FC Writing: Lesson 4

Writing: Lesson Four

Feedback vs. Grading

Grading assigns value to student output, while feedback provides students information about what the instructor found to be well done and where the content or accuracy of the text can be improved.
Feedback
Feedback should include positive comments and corrections that cover content as well as grammatical/lexical accuracy.
• Use a separate sheet of paper for your comments instead of writing over students’ work, recommends Virginia Scott (1996), so that the “paper is analyzed instead of mutilated” (p. 124).
• Focus on important errors which hinder comprehension — these are higher in frequency and may stigmatize the author — or which are currently the focus of instruction.

 

Review this feedback sheet, whereby the instructor does not have to “correct” the student’s work, but rather guides the student through the revision process.

 

Writing Feedback Sheet

Grading

Grading can provide valuable feedback when the criteria for grading are clearly articulated and shared with the students beforehand.
• Pre-determine grading criteria: clear expectations.
• Make sure grading is valid and reliable.
• If you are concerned about having to read 75 essays/written assignments in three sections of a class, take heart. Giving ONE writing assignment with two revisions or expansion — instead of three different writing assignments — will ultimately result in better writing from your students and less time grading for you.

 

A discussion of grading and giving feedback.
Duration: 04:04

Professor Raizen (Hebrew) does not grade students’ writing. Here she shares the reason(s) for her belief.

 

Professor Raizen on assessment of writing.
Duration: 01:05

Make a short list of pros and cons of grading writing. What is your decision based on these notes? Would you grade writing? Why/why not?

 

Content vs. Accuracy

For many of us, giving feedback on a written assignment has meant grading it for grammatical (primarily) and lexical accuracy. In very few instances do students get comments on the actual content of their writing or suggestions for improving the readability of the text.
Watch the video and see if the points the instructor and the students raise are habits you yourself have in the classroom.

 

A discussion on giving feedback on a written assignment.
Duration: 05:21

There are several steps we, as instructors, can take to make writing the real focus of our feedback and assessment:
Connect the feedback to the purpose of the task. Do assign a grade for accuracy because it plays an important role in comprehensible communication, but also assign a grade for global content: clear statement of purpose, sufficient details, effective connection between ideas, for example. Students are smart, and if your grades only pertain to grammatical and lexical accuracy, in their next essay they will only focus on those features. This turns your “writing” assignment into a mere linguistic exercise.
Teachers should act as collaborators in the writing process. Your objective should be to help students learn how to write well. Giving a simple grade to a written

assignment means that you judge that assignment. Giving it feedback and letting students revise their written work will make your assignment be truly about writing.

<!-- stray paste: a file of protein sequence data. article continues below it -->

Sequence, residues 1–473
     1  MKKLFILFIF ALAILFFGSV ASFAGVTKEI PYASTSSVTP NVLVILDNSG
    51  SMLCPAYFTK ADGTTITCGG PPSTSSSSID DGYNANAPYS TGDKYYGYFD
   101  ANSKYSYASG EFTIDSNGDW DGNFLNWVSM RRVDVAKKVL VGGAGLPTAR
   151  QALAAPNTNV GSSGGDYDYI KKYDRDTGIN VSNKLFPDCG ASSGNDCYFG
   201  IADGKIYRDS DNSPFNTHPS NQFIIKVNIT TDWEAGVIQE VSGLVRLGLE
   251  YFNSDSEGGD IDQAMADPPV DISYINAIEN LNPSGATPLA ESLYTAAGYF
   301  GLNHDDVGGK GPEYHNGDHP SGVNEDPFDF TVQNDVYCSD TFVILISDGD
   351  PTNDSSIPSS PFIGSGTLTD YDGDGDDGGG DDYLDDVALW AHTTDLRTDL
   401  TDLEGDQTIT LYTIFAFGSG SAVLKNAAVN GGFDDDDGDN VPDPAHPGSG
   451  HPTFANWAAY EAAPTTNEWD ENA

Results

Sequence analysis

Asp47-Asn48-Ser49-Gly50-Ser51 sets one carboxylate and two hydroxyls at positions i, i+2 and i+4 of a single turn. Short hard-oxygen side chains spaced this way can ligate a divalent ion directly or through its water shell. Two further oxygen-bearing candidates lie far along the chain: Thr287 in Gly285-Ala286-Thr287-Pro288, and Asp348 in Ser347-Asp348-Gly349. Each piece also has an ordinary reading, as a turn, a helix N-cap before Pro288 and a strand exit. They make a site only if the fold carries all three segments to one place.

Focus on content first, then on accuracy. This sequence will help your students view writing as genuine interpersonal communication between the author and reader(s). Research has found that when feedback focuses on content first, the final written work is better both in content and accuracy (Semke, 1984).
Facilitative comments maintain students’ integrity and help keep them motivated. Instead of writing a comment like “Don’t use the subjunctive here”, ask them a question: What does the subjunctive form suggest here? Sometimes, students intentionally flout linguistic norms for a creative, meaningful purpose (i.e., humor). Find out before you mark it wrong. Negative statements will shut down your students, while clarification questions will help them express an idea more effectively.
Self-correction increases accuracy, linguistic gains, and productivity. Make a few marks on the paper, then pose questions and offer facilitative comments. This process “forces” learners to resolve questions they still have and come up with the solution themselves (with peer or instructor guidance as necessary).

 

Types of Scoring

Writing can be assessed in different modes, for example analytic scoring, holistic scoring, and primary trait scoring. If evaluating the same piece of writing, each mode of scoring should result in similar “scores,” but each focuses on a different facet of L2 writing.

Analytic Scoring

In this mode, students’ writing is evaluated based on detailed grades for elements of writing such as vocabulary, grammar, composition, or mechanics. Results are based on multiple sub-grades (e.g., 4 out of 5 on vocabulary, plus 3 out of 5 on grammar plus 4 out of 5 on content, etc.)

Example analytic scoring scale PDF

 

Holistic Scoring

Holistic scoring results in a more general description for categories, but includes the different elements of writing implicitly or explicitly. The result is usually a global grade, such as A, B, C, D, E.
Example holistic scoring scal PDF

 

Primary Trait Scoring

If the class or the assignment focuses on a particular aspect of writing, or a specific linguistic form, or the use of a certain semantic group, primary trait scoring allows the instructor and the students to focus their feedback, revisions and attention very specifically.

Example primary trait scoring guide

 

 

The instructor discusses the different types of scoring.
Duration: 05:32

Which of these is the appropriate form of evaluation depends on the purpose of the writing task. For example, the first draft could be evaluated holistically, a second and subsequent draft using primary trait scoring and the final draft analytically. Each mode of scoring will give the instructor and students slightly different information about the writing process and students’ level of development. It is highly recommended, though, with the goal of improving writing instead of just assigning a grade, that the criteria for evaluation be shared with the students as soon as the writing task is assigned.

Portfolio Assessment